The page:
Location: Corn Insects and Crop Genetics ResearchTitle: An International Bioinformatics Infrastructure to Underpin the Arabidopsis Community Author
Submitted to: The Plant Cell
Publication Type: Peer Reviewed Journal
Publication Acceptance Date: 8/23/2010
Publication Date: 8/31/2010
Citation: Bastow, R., Beynon, J., Estelle, M., Friesner, J., Grotewold, E., Lavagi, I., Lindsey, K., Meyers, B., Provart, N., Benfey, P., Birney, E., Braun, P., Brendel, V., Buell, R., Caccamo, M., Carrington, J., Cherry, M., Ecker, J., Eppig, J., Forster, M., Gutierrez, R., Hilson, P., Huala, E., Katari, M., Kersey, P., Kudla, J., Ma, H., Matsui, M., Matthews, K., May, S., Mayer, K., Millar, A., Millar, H., Mjolsness, E., Mockler, T., Nikolau, B., Nordborg, M., Rawlings, C., Schofield, P., Schoof, H., Schroeder, J., Sen, T.Z., Stanzione, D., Town, C., Toyoda, T., Vision, T., Walsh, S., Wang, X., Ware, D., Weckwerth, W., Yang, W. 2010. An international bioinformatics infrastructure to underpin the Arabidopsis community. The Plant Cell. 22(8):2530-2536. Interpretive Summary: The future bioinformatics needs of the Arabidopsis community as well as those of other scientific communities including the maize community that depend on Arabidopsis resources were discussed at a pair of recent meetings held by the Multinational Arabidopsis Steering Committee (MASC) and the North American Arabidopsis Steering Committee (NAASC). The proposal was that there is a need for a single core resource that is integrated into a larger international consortium of investigators. This article outlines the proposal for the development, management, operations, and continued funding for the Arabidopsis resources. Because these resources are used extensively by the maize researchers to compare maize and Arabidopsis systems (the Arabidopsis genome was the first genome that was sequenced), the persistence of these resources will lead to more efficient research in maize to develop improved plant traits.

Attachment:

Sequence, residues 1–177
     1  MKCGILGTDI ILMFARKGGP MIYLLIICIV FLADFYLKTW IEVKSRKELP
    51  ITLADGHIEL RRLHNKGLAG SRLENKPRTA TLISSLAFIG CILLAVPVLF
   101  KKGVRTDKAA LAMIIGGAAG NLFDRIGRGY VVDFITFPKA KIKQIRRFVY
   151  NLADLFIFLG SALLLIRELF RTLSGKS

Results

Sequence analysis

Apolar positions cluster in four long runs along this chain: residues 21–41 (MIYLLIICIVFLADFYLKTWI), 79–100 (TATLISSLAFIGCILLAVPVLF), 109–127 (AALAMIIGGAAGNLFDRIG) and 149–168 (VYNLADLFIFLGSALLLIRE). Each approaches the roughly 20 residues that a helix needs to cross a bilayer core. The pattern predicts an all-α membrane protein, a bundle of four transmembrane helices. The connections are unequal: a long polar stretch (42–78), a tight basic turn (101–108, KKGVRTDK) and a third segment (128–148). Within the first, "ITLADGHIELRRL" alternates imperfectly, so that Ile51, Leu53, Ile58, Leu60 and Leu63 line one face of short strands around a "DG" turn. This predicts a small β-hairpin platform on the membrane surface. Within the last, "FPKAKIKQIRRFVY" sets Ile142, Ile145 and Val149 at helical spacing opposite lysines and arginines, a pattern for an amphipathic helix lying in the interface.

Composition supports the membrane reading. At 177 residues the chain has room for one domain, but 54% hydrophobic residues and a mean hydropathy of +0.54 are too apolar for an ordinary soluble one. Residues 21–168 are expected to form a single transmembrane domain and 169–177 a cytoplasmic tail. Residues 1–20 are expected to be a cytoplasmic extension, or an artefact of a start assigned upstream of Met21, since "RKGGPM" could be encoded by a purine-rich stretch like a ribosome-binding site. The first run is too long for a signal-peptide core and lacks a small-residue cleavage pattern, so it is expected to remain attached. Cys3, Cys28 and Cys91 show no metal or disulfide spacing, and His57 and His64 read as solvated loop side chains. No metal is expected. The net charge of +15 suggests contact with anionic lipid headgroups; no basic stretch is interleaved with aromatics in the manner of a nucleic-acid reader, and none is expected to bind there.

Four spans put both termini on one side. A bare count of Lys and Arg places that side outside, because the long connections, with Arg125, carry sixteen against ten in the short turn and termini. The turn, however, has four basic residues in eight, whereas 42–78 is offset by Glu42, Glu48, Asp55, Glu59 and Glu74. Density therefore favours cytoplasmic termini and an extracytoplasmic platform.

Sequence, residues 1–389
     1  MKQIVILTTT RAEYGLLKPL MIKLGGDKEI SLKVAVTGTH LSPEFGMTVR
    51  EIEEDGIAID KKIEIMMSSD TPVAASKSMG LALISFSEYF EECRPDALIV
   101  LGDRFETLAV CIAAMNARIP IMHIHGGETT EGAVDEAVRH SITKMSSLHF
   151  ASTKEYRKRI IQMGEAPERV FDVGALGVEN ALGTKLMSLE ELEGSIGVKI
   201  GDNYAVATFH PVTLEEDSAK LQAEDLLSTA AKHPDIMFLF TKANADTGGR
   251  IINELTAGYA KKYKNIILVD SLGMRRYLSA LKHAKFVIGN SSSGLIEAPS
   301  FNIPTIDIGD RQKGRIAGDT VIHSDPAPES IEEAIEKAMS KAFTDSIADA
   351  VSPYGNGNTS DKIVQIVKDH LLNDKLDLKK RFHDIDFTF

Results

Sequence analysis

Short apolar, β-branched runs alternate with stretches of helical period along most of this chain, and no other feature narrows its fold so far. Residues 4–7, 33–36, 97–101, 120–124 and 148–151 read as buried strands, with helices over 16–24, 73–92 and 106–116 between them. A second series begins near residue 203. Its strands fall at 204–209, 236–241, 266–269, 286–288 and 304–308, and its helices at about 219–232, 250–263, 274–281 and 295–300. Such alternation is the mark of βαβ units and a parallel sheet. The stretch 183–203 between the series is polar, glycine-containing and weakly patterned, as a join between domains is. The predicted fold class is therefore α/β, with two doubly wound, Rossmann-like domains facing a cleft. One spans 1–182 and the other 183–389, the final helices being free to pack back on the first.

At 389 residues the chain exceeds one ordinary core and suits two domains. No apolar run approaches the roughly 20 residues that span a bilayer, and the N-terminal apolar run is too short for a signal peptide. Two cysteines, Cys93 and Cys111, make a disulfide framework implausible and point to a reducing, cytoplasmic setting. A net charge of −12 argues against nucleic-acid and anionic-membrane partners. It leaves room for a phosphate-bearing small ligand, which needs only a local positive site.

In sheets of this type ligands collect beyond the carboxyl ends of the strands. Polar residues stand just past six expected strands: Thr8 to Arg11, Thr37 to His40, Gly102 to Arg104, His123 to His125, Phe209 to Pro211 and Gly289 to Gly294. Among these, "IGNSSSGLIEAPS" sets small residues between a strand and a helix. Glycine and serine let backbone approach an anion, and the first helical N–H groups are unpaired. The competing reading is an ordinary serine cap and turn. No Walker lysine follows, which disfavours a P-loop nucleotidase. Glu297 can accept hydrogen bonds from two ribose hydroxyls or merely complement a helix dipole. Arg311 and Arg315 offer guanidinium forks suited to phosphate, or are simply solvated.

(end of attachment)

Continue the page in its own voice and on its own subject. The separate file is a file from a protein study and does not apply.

Technical Abstract: The future bioinformatics needs of the Arabidopsis community as well as those of other scientific communities that depend on Arabidopsis resources were discussed at a pair of recent meetings held by the Multinational Arabidopsis Steering Committee (MASC) and the North American Arabidopsis Steering Committee (NAASC). There are extensive tools and resources for information storage, curation, and retrieval of Arabidopsis data that have been developed over recent years primarily through the activities of The Arabidopsis Information Resource (TAIR), the Nottingham Arabidopsis Stock Centre (NASC), and the Arabidopsis Biological Resource Center (ABRC), among others. However, the rapid expansion in many data types, the international basis of the Arabidopsis community, and changing priorities of the funding agencies all suggest the need for changes in the way informatics infrastructure is developed and maintained. We propose that there is a need for a single core resource that is integrated into a larger international consortium of investigators. We envision this to consist of a distributed system of data, tools, and resources, accessed via a single information portal and funded by a variety of sources, under shared international management of an International Arabidopsis Informatics Consortium (IAIC). This article outlines the proposal for the development, management, operations, and continued funding for the IAIC.